Day 3: The Call to Prayer, a Volcano & a Mountain Resort

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(HW pp. 5>10, 12-1-13, Sunday, 0.8 hr.)

Awakened at 4AM by the ancient songs of the mullahs echoing through the mountain valleys calling the Muslim faithful to prayer. This same process is going on throughout the planet wherever there are those of the Islamic faith. A rooster crows, perhaps awakened by the sound. The rain pours down augmenting the universal nature of the process. Another rooster greets the morning as if they too have their ancient song to start the day. The mullah song intermingled with the roosters crowing and the falling rain evokes wonder at the mystery of creation – the global unity between man, animal and nature.

This bonding experience is one reason why the Muslim religion has spread so far relatively quickly. Islam preaches an egalitarian message that unites humanity under one roof. To join is to belong – rich/poor, male/female, young/old. All races are welcome. Unfortunately, instead of allowing the process to enfold naturally, the Islamic establishment has erected rules, and even laws, enforcing participation. In Malaysia, one must change one’s name and religion to marry a Muslim. (It is not so strict in Java, as Martin married a Muslim and was allowed to remain the same.) The Islamic political system provides advantages to those who join and penalties for those who prefer to keep their own beliefs. The universal consequence of the quest for power seems to be intolerance and prejudice. Ah well, such is the human condition. Neither roosters, nor rain, demand such a commitment.

And how interesting it is that sound is the chosen medium for this unifying experience. Flung by human vocal chords, these ephemeral packets of information hurtle through the atmosphere. The sail of the ear either catches these sound bytes as they pass by or they disappear forever. Perhaps the same song is repeated at another time and place, but the original has evaporated, like steam from a kettle. Many sleep through this early morning call to prayer, unaffected in the least, while others feel a connection with brothers and sisters throughout the planet.

And what does science have to say about this mystical, yet transitory, experience? Nothing at all. Dressed in their supposedly objective white lab coats, scientists hem and haw, mumbling something incoherent about the automatic collisions of atoms and molecules upon the eardrums; perhaps evoking their magnificent random as a way of understanding this global group bonding experience – or maybe even stating blandly that our genes employ this method to reproduce themselves and survive. Entranced by digital world, the rigid precision of 1’s and 0s – the progeny of dots and dashes, they embrace matter and reject life. Worshipping exactitude over meaning, they create an umbrella that discretizes existence. Because this perspective is able to explain so much, they presume that it explains everything.

While providing toys beyond imagining, this shallow mode of apprehending the world stops short of meaning. Blinded by the concrete logic of sight, they are unable to understand the connectivity of sound. For instance, how does a 1 and 0 touch? How do they relate to each other? Where is the past, present and future in the digital world? The instantaneous world of 1s and 0s doesn’t extend a moment into time. All meaning is derived from humans digesting the dry, should we say dead, information via a natural algorithm, called the Cell Equation by the Author.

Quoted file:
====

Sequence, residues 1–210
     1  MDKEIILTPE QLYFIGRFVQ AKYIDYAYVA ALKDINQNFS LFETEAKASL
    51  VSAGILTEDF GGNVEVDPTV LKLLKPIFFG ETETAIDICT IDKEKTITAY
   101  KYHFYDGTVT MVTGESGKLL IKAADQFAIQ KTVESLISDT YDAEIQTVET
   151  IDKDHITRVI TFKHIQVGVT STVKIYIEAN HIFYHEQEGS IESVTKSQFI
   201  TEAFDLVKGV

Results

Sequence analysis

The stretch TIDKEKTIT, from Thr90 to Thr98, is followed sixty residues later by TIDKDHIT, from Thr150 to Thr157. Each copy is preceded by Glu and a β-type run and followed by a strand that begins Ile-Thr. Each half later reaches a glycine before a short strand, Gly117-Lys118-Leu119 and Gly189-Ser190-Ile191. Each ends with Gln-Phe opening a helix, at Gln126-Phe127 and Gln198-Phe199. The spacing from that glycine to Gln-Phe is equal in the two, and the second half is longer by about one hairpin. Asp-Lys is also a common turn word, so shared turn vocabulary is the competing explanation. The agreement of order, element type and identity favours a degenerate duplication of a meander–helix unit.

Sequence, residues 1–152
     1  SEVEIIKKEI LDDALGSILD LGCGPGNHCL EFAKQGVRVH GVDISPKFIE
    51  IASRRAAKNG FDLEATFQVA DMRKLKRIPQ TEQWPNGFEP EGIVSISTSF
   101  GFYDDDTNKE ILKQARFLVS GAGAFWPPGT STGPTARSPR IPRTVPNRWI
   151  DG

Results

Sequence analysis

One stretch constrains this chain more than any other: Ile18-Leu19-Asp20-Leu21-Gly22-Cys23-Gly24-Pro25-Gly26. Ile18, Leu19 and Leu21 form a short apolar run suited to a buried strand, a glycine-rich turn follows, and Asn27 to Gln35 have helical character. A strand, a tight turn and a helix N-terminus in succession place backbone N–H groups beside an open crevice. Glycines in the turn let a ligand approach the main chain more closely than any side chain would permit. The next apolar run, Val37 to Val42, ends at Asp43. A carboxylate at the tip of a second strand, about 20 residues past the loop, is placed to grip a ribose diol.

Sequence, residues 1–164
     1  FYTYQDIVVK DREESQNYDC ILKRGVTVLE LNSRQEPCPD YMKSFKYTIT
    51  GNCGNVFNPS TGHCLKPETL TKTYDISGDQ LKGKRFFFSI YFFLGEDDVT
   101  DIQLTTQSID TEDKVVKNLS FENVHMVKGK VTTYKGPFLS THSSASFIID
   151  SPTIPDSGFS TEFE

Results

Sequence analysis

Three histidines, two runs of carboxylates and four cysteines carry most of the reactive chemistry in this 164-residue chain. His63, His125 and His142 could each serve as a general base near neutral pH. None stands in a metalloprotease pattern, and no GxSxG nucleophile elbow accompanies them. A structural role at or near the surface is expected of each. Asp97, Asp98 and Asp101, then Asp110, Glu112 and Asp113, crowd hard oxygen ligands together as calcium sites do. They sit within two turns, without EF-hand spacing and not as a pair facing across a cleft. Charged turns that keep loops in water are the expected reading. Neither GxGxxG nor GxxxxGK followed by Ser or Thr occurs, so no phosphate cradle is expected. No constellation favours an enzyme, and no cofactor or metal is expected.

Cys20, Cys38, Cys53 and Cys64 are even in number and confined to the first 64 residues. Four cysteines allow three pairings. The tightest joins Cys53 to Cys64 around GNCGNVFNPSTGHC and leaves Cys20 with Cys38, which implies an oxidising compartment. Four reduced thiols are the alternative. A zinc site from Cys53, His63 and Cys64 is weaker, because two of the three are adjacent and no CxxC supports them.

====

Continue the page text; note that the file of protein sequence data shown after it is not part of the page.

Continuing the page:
The mullah chants, the rooster crows and the rain evokes a gentle rhythm from the roof. Without digestion Muslims don’t hear the message, roosters don’t join together for their joyful chorus, and the rain merely falls with no one to experience the wonder. To appreciate and respect these little packets of sound, living systems must digest and translated discretized information into a form that connects past and future in a unified bundle.

In my humble head, these multitude of sounds connect with neural networks that evoke memories of today's experience of a live volcano, complete with poisonous sulfur fumes that made us dizzy.

Volcanic Crater

We saw, heard and smelled this marvelous natural event after a long drive through the plains of western Java.

Our 10-hour journey was dotted with flowing rice fields, rubber plantations, an abundance of insane traffic, and myriad small communities doing their human thing. Smiles on their faces, the natives connected with each other in intimate surroundings in order to survive and even thrive as a collective community. These fleeting memories scratched upon this piece of reconstituted wood combine with a wonderful lunch of a whole fried fish, head and all, fresh fruits, vegetables, rice and fruit drinks at a nicely decorated air-conditioned restaurant along the way.

     

     

Above all, we remember the warmth of the human connection between the Laurie/Don couple and Martin Nga’s entourage, including family, friends, and drivers.

After the volcano, we drive to a marvelous mountainside resort, complete with a thermal pool, heated by the volcano and containing sulfur. Laurie and I eat fresh pineapple, the best ever, in our own private wood cabin surrounded by lush vegetation. And now the pitter-patter of the rain, the crowing of roosters, and the call to prayer. I wonder why I am so blessed for this moment in time. And I remember the Deal. Testify to the Divine in the midst of the secular world of Materialism. Intoxicated with the pleasures of matter, many get lost in the desert of emptiness and forget meaning. My Dharma is to act as a reminder. 

 

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